Aaron Alexander

Why We Shul Matters

We shake with joy, We shake with grief.
What a time they have, these two
housed as they are in the same body.
~Mary Oliver

Today I’d like to explore a particular juxtaposition that occurs throughout rabbinic literature and Jewish ritual practice. We  find in the Talmud:

The Sages taught: One reroutes the funeral procession, to yield before the wedding procession of a bride. And both for the funeral procession, and that, the wedding procession, yield before a king of Israel. They said about King Agrippa that he rerouted his entourage before the wedding procession of a bride, and the Sages praised him for doing so. (Babylonian Talmud, Tractate Ketubot, 17a)

Here we see a funeral and a wedding, sharing the same path, and needing direction as to which is prioritized if there is space for just one.

Here’s another, this time from a medieval code of Jewish law:

When a person is faced with either tending to a corpse or a bride, she should leave the bride and occupy herself with the corpse. Thus Ecclesiastes 7:4 states: “The heart of the wise is in the house of mourning.” (Rambam, Mishneh Torah, Laws of Mourning, 14:8)

We again see again this juxtaposition of death and a wedding. But what’s the connection? Why these two?

It’s clearly a set-up. In other words, the Talmud and later codes are taking a situation that is rare, and using it to derive particular hierarchy of values.

Here’s another one based on the famous commandment “Love your neighbor as yourself.” In Rambam’s Mishneh Torah he lists a number of obligations associated with this biblical obligation.

It is a positive commandment of Rabbinic origin to visit the sick, comfort mourners, to prepare for a funeral, prepare a bride, accompany guests, attend to all the needs of a burial, carry a corpse on one’s shoulders, walk before the bier, mourn, dig a grave, and bury the dead, and also to bring joy to a bride and groom and help them in all their needs. These are deeds of kindness that one carries out with his person that have no limit.

Notice the juxtaposition. After the obligation to visit the sick, each item listed refers to weddings and funerals. Gladdening the couple. Consoling the mourners. These things, in our tradition, become almost direct parallels. And until you notice it, you wouldn’t believe it to be true. The more we investigate the combination, the more striking it becomes.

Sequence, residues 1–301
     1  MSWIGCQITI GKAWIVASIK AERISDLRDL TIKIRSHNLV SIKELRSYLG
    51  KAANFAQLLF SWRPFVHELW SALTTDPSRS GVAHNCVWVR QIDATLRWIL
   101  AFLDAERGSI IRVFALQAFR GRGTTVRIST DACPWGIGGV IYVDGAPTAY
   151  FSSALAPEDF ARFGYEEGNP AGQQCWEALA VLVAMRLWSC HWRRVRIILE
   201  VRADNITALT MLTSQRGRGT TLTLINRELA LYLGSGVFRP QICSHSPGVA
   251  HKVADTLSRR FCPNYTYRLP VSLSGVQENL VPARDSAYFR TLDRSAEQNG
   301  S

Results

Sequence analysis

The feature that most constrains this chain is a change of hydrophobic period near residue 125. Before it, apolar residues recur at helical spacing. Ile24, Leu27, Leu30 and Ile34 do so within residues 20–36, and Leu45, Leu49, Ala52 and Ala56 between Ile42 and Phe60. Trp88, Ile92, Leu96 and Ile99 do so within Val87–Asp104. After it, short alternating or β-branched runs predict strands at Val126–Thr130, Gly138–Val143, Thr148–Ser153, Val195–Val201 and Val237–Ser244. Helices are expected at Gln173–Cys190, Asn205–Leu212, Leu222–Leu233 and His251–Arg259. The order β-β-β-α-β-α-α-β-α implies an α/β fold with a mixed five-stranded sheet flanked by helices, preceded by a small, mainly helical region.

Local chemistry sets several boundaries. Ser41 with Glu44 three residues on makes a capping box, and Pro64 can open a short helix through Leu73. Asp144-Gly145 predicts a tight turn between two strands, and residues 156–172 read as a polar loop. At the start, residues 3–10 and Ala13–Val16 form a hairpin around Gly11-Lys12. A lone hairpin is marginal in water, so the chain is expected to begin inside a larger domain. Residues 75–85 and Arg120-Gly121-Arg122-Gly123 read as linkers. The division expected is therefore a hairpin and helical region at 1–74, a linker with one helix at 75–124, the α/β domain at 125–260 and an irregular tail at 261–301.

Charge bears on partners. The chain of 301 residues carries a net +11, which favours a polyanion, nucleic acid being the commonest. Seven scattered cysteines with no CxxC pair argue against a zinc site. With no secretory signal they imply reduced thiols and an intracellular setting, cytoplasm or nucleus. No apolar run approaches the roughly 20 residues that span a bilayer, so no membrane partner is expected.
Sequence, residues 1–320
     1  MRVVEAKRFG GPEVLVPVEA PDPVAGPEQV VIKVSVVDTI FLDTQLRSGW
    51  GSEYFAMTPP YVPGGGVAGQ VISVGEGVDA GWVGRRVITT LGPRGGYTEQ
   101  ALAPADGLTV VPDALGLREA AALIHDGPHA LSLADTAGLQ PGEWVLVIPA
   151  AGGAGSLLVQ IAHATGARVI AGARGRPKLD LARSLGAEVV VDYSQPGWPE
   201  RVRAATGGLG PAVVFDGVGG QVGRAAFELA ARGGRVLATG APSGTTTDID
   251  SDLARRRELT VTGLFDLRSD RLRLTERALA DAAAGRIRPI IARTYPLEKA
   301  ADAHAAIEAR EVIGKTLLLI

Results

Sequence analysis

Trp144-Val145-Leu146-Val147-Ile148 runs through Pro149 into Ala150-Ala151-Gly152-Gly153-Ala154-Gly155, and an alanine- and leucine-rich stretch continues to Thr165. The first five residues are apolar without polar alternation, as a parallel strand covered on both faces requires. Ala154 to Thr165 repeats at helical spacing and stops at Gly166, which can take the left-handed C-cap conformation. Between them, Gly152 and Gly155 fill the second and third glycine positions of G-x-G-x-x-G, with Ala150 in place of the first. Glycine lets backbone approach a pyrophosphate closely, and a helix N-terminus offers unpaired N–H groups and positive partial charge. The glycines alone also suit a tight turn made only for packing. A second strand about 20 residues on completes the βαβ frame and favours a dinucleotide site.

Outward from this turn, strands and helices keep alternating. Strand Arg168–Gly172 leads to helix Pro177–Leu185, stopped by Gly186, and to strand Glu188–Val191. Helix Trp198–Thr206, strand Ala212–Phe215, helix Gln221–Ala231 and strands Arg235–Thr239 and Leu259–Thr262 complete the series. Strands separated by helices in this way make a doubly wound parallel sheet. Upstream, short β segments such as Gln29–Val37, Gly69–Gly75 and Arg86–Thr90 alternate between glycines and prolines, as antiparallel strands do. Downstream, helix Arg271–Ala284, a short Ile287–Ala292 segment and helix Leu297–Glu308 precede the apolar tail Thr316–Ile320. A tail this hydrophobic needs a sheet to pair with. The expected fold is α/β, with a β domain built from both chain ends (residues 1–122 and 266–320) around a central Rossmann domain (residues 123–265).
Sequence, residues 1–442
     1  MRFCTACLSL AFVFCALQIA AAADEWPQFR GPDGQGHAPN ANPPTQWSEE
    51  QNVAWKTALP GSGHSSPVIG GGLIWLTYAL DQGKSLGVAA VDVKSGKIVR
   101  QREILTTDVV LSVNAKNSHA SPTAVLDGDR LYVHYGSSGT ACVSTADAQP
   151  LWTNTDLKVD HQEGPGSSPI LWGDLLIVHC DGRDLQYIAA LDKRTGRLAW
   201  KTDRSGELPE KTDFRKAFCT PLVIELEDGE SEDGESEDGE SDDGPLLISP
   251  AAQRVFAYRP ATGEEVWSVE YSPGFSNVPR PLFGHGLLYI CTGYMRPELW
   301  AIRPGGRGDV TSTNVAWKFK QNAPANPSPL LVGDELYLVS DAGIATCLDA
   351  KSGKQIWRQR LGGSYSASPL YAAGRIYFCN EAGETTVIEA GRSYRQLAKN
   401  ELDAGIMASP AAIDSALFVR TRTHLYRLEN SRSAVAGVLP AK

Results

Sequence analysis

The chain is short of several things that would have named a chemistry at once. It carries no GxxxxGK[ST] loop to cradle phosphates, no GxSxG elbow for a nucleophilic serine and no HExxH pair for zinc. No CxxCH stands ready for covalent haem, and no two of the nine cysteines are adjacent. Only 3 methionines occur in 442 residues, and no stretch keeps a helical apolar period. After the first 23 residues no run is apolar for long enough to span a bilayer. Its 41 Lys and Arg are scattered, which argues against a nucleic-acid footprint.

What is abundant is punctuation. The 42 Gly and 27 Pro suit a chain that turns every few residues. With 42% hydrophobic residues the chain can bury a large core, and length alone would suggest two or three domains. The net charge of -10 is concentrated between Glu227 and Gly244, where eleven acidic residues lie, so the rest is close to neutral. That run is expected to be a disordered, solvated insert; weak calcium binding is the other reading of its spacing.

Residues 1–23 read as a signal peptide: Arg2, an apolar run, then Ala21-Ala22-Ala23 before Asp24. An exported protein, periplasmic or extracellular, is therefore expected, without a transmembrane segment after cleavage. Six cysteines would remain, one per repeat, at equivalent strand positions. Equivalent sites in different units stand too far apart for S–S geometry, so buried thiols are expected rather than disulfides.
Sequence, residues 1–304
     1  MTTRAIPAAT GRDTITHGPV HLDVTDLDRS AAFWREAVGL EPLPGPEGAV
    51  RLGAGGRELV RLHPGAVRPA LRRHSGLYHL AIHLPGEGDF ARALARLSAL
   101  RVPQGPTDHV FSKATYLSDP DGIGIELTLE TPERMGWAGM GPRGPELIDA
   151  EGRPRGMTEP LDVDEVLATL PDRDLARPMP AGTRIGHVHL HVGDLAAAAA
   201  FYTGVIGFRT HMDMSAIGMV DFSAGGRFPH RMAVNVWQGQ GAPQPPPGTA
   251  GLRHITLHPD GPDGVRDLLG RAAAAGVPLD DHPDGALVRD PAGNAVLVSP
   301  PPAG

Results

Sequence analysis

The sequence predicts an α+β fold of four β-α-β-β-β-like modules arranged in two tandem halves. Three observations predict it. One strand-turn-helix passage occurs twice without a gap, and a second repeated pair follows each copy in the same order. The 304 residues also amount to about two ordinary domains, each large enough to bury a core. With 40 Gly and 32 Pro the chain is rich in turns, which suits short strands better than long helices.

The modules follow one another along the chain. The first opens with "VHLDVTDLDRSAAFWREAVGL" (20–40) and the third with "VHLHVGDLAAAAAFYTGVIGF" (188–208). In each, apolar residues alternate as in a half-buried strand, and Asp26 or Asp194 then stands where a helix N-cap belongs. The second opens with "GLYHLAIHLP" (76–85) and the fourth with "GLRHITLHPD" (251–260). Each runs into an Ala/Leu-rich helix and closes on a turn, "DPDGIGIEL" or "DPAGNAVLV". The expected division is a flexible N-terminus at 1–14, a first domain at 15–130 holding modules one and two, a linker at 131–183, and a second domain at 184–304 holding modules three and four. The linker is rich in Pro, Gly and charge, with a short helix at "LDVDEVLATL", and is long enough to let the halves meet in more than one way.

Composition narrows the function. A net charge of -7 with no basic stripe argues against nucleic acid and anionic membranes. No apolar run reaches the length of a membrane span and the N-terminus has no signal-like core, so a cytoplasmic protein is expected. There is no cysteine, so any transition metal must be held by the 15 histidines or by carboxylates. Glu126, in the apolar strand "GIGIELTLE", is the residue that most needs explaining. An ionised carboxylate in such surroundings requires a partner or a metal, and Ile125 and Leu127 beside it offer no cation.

Our tradition is not-so-subtly nudging us to think deeply about the space between life and death–the spaces in life and death, and what may lie between and beneath them.

But the proximity between these two life-cycle moments extends even further than explicit textual sources. It is embedded in ritual as well.

In the following passage, we learn that a wedding couple is to remain home for the seven days of their marriage.

And Rabbi Abba bar Zavda said that Rav said: The groom/bride and the wedding party and all who participated in the wedding celebration are exempt from sukkah for all seven days.  For what reason? They wish to rejoice. Well then let them eat in the sukkah and rejoice in the sukkah! Happiness [for a wedding] can only take place in a huppah (which is likely not the four poles and top structure, but they’re residence). So let them eat in the sukkah and rejoice in the huppah! Happiness only happens in the place where the meal takes place. (Babylonian Talmud, Tractate Sukkah, 25b)

At home, with a meal. That is where the joy emerges and remains. A medieval text shows how how far this practice extends:

One only recite the 7 blessings with 10 adult, free people… and they are said for 7 days after eating a meal…. (Arba’ah Turim Ha-Shalem, Even Ha-Ezer, 62)

To sum up, the couple remains at home for 7 days. Blessings are recited after food, and 10 people are required for the special blessings. Those people, the community, are to come to the couple to perform the obligation of m’sameach hatan ‘vekallah, providing enjoyment for the couple